These questions will endure long after November 8, 2016. Tonight, though, I wish my daughter could catch a glimpse of what politics could be. It could be—and occasionally has been—noble, humane, and about something more than resentment and fear. I would give anything to see goose bumps rise on my daughter’s arms as she contemplates the American saga and the symbolic power each of us can feel when we cast a ballot. I still get chills and occasionally tears every time I vote. I once almost broke down when I stood seventy-five miles from the capital of the Confederacy and voted for a man of African descent.

Will my daughter ever feel so inspired by the act of voting? Will she ever be in awe of the ritual? Will any of America’s daughters? If Hillary Clinton prevails tonight and in November, my daughter will relish the victory. She has canvassed for Clinton. She has registered new voters. She wears her women’s rights are human rights T-shirt to school. She would be proud of our new president. But the country will not heal for many years.

I would share her joy at an electoral victory. But she will never share my idealism. I’m not sure I will ever regain it.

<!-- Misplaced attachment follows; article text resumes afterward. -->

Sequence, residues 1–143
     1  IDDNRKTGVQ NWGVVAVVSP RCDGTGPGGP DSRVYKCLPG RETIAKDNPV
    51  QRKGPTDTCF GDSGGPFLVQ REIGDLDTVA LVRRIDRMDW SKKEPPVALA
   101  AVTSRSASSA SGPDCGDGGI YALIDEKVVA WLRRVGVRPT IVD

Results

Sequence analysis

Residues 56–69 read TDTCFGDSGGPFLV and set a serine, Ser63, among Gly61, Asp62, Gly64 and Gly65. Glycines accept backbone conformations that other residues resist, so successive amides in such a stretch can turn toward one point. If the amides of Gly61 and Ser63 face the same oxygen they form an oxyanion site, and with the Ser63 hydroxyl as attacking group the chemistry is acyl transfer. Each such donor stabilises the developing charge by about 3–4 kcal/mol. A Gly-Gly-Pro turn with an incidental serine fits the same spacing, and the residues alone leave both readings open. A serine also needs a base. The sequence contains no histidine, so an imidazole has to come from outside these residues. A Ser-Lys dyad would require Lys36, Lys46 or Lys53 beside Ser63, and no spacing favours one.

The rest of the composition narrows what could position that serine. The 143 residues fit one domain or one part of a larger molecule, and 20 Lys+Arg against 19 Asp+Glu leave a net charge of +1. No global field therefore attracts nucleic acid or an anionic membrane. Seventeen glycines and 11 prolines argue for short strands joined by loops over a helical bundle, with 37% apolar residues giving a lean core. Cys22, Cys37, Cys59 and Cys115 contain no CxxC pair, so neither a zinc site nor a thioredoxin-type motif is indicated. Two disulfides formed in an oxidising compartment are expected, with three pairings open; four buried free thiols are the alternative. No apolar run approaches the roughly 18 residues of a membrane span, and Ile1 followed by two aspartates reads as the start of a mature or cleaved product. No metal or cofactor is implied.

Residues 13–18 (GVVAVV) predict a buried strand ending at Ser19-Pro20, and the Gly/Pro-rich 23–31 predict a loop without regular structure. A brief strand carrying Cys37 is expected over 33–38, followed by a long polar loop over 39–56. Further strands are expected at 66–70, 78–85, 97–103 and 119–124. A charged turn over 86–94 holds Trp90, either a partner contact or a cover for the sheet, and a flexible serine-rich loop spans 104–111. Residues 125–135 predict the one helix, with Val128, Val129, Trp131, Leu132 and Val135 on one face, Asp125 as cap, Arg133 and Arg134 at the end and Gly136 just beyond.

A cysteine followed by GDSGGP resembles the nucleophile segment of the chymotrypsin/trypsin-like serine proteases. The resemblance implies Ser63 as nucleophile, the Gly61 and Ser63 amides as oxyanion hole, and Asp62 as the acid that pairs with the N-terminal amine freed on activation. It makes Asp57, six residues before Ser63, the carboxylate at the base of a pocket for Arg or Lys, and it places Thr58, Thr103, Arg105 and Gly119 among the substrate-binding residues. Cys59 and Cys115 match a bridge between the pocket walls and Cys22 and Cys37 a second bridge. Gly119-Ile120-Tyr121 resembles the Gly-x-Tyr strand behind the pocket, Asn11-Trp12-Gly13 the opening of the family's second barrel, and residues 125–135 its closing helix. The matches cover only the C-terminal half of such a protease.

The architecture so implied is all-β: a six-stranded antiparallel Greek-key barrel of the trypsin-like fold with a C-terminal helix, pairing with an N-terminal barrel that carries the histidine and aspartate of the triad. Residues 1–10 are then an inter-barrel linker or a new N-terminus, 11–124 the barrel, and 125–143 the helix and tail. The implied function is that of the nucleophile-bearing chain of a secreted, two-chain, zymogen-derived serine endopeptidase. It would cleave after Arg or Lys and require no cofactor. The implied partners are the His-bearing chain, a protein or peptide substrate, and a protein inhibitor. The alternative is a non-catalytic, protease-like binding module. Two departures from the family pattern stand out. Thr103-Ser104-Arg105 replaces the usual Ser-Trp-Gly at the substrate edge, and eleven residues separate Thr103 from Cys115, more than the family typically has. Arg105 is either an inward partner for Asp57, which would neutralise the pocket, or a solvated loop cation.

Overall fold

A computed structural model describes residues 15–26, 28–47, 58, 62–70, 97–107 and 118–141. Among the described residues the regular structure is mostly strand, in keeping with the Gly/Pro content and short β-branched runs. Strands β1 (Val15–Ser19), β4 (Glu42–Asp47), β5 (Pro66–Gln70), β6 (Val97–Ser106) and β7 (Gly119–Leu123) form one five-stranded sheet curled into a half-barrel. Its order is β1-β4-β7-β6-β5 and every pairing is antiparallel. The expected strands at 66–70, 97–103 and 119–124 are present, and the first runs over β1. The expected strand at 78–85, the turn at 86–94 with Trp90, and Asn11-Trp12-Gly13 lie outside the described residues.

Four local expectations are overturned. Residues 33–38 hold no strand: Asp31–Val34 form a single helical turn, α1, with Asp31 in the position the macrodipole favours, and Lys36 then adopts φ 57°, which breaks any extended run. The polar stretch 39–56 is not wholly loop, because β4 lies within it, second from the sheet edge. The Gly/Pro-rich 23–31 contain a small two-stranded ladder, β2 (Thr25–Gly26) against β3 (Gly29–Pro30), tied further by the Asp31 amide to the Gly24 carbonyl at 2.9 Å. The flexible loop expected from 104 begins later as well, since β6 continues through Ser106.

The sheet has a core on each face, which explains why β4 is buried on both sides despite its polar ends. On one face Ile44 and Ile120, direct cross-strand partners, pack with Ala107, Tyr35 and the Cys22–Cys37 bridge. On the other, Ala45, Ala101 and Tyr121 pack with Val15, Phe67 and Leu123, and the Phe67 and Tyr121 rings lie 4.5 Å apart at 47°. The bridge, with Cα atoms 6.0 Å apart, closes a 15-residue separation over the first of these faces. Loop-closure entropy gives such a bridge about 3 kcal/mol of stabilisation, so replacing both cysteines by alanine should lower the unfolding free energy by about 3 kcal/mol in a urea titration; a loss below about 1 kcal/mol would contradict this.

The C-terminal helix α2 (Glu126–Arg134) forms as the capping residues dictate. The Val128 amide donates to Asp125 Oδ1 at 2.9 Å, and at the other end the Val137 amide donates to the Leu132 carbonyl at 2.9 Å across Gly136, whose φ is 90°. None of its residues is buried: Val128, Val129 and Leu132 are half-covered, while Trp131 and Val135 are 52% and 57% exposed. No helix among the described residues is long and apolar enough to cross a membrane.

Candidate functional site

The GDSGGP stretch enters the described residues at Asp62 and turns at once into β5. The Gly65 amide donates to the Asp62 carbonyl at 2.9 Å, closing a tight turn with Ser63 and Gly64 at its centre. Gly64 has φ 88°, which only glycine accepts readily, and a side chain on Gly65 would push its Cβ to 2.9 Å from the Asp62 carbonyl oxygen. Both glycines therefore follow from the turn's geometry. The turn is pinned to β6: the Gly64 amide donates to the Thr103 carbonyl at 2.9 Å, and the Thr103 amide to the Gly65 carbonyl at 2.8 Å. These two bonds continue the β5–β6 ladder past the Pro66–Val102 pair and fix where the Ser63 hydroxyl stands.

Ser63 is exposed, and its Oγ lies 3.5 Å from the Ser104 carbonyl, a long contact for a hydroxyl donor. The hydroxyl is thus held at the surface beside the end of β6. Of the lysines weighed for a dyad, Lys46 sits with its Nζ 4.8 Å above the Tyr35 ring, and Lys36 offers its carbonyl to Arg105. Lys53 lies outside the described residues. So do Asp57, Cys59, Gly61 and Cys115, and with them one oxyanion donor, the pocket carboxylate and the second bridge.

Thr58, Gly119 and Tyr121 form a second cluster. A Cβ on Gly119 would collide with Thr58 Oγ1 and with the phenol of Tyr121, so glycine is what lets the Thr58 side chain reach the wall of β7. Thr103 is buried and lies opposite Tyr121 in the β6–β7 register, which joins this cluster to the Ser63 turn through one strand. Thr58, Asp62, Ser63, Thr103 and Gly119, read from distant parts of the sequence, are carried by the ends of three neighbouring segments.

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mike walczak's picture
mike walczak · 7 years ago

I agree that this campaign was unlike any other and lacked dignity.  But your daughter might walk away with the explanatioin that this was an election of between totally immoral and highly suspect- highly suspect having won.  I know you will not agree as you believed JC a worthy person leaving Reagan to bear the early results od a failed economic policy. JC is only the second worst president of my years as I am watching tghe worst destroy the constitution as I write this.  

HRC would have driven the nail in the coffin.  What happens next depends on the morality of the people to expose and put away those who havw hurt 10 year old girls and stolen the future of so many youths.

M 's picture
M · 7 years ago

Fabulous article, the author seems to be very optimistic. I really want to know how he feels now especially with the travel ban, keystone pipeline, treatment of EPA etc etc., mockery of American values.